'Car boot sale' ventilators sent from China to Black Country were a disaster - health boss
A health chief has said the arrival of unreliable ventilators to hospitals in the West Midlands was one of the “disasters” in the pandemic fight.
A total of 250 Shangrila 510 ventilator models, made by Chinese firm Beijing Aeonmed Co Ltd, arrived in the region in April.
But medical experts warned the unreliable and unsafe models could cause “significant patient harm, including death”.
The Chinese ventilators arrived at sites across the region, including at Sandwell General Hospital in West Bromwich and New Cross Hospital in Wolverhampton.
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David Loughton CBE, chief executive of the Royal Wolverhampton NHS Trust, said the shipment had been disastrous for the hospital and staff morale.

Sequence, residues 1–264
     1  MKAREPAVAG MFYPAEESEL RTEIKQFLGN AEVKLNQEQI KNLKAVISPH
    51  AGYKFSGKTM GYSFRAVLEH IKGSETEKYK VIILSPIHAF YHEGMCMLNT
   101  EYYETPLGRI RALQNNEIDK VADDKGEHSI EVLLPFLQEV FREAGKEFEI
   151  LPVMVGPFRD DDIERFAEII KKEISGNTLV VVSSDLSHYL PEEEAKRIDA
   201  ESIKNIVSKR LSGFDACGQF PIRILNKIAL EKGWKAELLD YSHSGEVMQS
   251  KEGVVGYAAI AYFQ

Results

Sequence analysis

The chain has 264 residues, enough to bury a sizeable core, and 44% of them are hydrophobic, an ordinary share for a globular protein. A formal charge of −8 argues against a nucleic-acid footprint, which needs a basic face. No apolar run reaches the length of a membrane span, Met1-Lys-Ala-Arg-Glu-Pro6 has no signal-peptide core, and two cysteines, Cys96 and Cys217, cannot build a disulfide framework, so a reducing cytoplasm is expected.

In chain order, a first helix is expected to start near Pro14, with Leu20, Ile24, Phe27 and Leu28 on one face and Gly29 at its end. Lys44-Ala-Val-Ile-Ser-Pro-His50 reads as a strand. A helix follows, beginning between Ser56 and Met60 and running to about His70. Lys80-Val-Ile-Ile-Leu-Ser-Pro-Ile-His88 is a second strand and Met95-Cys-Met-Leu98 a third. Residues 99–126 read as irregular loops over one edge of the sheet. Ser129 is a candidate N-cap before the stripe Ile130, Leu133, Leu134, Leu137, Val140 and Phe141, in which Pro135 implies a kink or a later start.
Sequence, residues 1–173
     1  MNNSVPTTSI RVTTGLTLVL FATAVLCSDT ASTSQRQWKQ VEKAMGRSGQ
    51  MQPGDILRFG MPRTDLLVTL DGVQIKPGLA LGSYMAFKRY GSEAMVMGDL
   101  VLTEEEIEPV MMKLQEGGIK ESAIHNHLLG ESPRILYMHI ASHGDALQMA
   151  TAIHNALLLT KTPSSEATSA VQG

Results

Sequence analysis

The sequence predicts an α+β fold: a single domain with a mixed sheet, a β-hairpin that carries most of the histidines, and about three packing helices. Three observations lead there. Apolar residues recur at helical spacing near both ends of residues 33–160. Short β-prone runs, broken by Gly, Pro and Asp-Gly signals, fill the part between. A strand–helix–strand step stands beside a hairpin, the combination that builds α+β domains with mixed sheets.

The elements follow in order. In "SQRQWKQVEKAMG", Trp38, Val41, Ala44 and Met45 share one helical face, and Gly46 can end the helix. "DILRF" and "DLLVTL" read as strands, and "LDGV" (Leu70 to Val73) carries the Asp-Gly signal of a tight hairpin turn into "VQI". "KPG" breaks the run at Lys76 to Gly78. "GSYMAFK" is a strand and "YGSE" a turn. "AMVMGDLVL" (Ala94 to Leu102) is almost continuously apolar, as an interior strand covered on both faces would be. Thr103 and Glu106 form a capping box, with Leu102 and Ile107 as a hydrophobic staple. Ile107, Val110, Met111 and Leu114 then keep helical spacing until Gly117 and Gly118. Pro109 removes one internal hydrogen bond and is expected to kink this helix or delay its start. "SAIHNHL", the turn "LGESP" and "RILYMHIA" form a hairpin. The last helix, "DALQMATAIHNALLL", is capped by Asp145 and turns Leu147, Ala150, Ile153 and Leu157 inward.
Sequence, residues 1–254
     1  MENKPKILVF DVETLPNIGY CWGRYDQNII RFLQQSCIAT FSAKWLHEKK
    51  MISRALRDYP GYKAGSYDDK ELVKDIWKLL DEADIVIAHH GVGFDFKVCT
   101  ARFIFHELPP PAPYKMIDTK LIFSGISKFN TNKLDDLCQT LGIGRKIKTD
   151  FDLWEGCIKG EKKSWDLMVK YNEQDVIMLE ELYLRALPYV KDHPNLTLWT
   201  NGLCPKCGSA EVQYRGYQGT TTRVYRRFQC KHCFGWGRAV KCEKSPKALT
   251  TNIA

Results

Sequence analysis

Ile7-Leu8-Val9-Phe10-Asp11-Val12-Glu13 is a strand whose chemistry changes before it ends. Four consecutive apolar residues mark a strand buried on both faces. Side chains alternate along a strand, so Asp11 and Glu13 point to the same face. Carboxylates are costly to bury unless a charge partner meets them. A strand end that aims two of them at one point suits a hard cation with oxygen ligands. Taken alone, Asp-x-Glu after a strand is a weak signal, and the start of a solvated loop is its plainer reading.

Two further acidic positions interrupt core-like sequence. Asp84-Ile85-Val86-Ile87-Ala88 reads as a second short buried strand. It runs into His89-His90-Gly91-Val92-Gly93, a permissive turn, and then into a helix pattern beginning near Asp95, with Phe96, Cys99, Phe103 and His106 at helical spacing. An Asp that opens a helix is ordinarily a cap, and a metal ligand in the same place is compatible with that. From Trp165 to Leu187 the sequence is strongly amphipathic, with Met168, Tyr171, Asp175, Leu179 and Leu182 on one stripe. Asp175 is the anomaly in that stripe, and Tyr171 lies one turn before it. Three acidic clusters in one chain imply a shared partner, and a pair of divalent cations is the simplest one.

Mr Loughton said: “I think we’ve had some real disasters – I mean we had 250 ventilators delivered for Birmingham and the Black Country from China.
“They weren’t fit for purpose. The oxygen control, you had two levels – on or off – and I don’t know whether Wolverhampton has got any car boot sales going, but I’ve got 50 ventilators which I will see if anyone wants to turn them into something.
“But those things were really really difficult for me and my team to manage the staff to say we’ve been promising you these ventilators and then when they come people say they’re not fit for purpose.”
A letter leaked to NBC News said doctors were concerned the breathing machines, which were built for ambulances rather than hospitals, not only had a problematic oxygen supply but could not be cleaned properly.
Medics at Sandwell Hospital found the machines provided an oxygen supply that was “variable and unreliable”.
Tests also showed they had only a “basic” build and the fabric case on the device could not be cleaned properly by staff.
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